Child Maintenance on Divorce

Child Maintenance on Divorce

12 August 2020 Heidi Fleming

Parents often decide the arrangements for child maintenance payments between themselves, with payment usually made on a monthly basis. Alternatively, if this is not possible, they can apply to the Child Maintenance Service (CMS and for those of you old enough this is formerly the CSA) or obtain a court order. Even with a court order in place, after 12 months from the date of the order, either parent can make an application to the CMS.

I often have clients say to me, “well, I don’t want child maintenance from him if I can pay him less to keep the family home” or “She can have more money now if she he doesn’t pursue me for child maintenance”.

So can you just not pay child maintenance?

You have a legal financial obligation to provide for your children that goes without saying, but can you within financial settlement on divorce agree something different?

If you’re the wife caring for the children, can you receive extra capital now instead of child maintenance because you want to keep the house and have an outright transfer of the family home to you?

If you’re the husband and you have a Mesher order where you won’t get access to your share of the house until the youngest child is 18, would you rather your wife buy you out now, release you from your obligations under the mortgage so you can purchase a new property now?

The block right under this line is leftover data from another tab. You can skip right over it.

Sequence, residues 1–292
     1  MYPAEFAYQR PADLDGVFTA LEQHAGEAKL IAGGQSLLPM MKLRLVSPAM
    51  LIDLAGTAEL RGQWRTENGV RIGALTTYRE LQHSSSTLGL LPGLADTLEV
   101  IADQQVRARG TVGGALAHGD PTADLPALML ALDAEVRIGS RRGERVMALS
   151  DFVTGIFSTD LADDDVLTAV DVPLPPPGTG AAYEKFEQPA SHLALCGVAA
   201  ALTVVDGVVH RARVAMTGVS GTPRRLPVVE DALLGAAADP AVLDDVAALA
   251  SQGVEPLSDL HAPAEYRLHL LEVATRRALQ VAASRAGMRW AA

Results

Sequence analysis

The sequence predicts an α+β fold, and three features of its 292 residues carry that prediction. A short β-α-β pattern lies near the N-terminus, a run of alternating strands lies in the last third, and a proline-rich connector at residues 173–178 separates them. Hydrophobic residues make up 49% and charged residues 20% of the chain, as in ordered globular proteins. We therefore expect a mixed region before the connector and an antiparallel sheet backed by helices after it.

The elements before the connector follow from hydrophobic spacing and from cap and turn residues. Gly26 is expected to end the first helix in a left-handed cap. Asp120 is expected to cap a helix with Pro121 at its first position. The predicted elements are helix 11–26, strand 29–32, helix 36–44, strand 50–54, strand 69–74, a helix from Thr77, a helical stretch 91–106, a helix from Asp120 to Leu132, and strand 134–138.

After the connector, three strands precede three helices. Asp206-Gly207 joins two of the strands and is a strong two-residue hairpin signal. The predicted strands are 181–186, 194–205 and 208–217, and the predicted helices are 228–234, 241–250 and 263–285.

Please remember, the above are just examples and are in no way representative of what may be fair in your case. Always seek advice on settlement from a family law specialist.

The short answer is yes but consideration needs to be given as to what happens after a year. As mentioned above, after a year either parent can go to the CMS, ask for a calculation and claim child maintenance.

The problem

So you have agreed no claim will be made for child maintenance and your ex-spouse is to receive more capital as a result now what? What can you do to protect yourself?

Well firstly you need a court order reflecting the financial agreement within divorce proceedings. The order should be drafted to say that neither of you will go to the CMS. But what happens if someone does make the claim to the CMS what then?

Well this is problematic as the CMS are not going to be bound by the court order. They will make the spouse who has relied on the promise and given away more assets than is fair pay child maintenance. This is fine if you are the recipient because you benefit by applying for CMS, not so great for the payer of CMS.

The indemnity clause – Avon case - protection for the payer of Child Maintenance

Last year in the case Ipekci v McConnell [2019] EWHC 19 the court made an order dealing with the risk that the wife could apply to the CMS and undermine the intention of the order. This was a case involving the great granddaughter of the Avon Empire who married a hotel Concierge. A pre-nuptial agreement wasn’t upheld and the husband was awarded a lump sum of £1,333,500 of which £375,000 was subject to the charge-back to the Wife. On payment in full there was to be a clean break. The order was made on the basis that the wife would not pursue the husband for child support under the Child Support Act 1991.

The court awarded an indemnity in the husband's favour in the event that the wife should make an application to the CMS. This meant that if the wife made an application to the CMS she would have to pay her husband back for any amounts she tried to claim.

How we can help

If you are experiencing difficulty with agreeing child maintenance payments get in touch with our Family Lawyers on 0330 0945 500, email family@nevesllp.co.uk or complete our Contact Form and we'll get back to you.